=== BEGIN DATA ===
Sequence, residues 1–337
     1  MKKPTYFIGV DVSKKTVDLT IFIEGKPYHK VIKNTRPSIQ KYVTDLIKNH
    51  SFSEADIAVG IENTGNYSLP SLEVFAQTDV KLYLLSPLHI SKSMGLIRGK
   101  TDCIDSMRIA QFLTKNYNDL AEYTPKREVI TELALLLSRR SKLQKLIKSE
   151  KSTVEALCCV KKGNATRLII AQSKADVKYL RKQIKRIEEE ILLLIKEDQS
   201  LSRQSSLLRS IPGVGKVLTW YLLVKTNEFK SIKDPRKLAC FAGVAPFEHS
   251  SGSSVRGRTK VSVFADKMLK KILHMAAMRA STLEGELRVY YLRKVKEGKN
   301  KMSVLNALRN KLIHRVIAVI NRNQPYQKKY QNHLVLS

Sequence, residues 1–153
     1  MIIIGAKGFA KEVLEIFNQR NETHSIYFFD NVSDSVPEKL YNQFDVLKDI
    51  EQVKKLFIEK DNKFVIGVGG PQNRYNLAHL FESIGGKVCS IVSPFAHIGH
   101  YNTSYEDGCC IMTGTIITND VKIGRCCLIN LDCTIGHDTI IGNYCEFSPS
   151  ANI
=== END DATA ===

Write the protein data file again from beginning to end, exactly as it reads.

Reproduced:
Sequence, residues 1–337
     1  MKKPTYFIGV DVSKKTVDLT IFIEGKPYHK VIKNTRPSIQ KYVTDLIKNH
    51  SFSEADIAVG IENTGNYSLP SLEVFAQTDV KLYLLSPLHI SKSMGLIRGK
   101  TDCIDSMRIA QFLTKNYNDL AEYTPKREVI TELALLLSRR SKLQKLIKSE
   151  KSTVEALCCV KKGNATRLII AQSKADVKYL RKQIKRIEEE ILLLIKEDQS
   201  LSRQSSLLRS IPGVGKVLTW YLLVKTNEFK SIKDPRKLAC FAGVAPFEHS
   251  SGSSVRGRTK VSVFADKMLK KILHMAAMRA STLEGELRVY YLRKVKEGKN
   301  KMSVLNALRN KLIHRVIAVI NRNQPYQKKY QNHLVLS

Sequence, residues 1–153
     1  MIIIGAKGFA KEVLEIFNQR NETHSIYFFD NVSDSVPEKL YNQFDVLKDI
    51  EQVKKLFIEK DNKFVIGVGG PQNRYNLAHL FESIGGKVCS IVSPFAHIGH
   101  YNTSYEDGCC IMTGTIITND VKIGRCCLIN LDCTIGHDTI IGNYCEFSPS
   151  ANI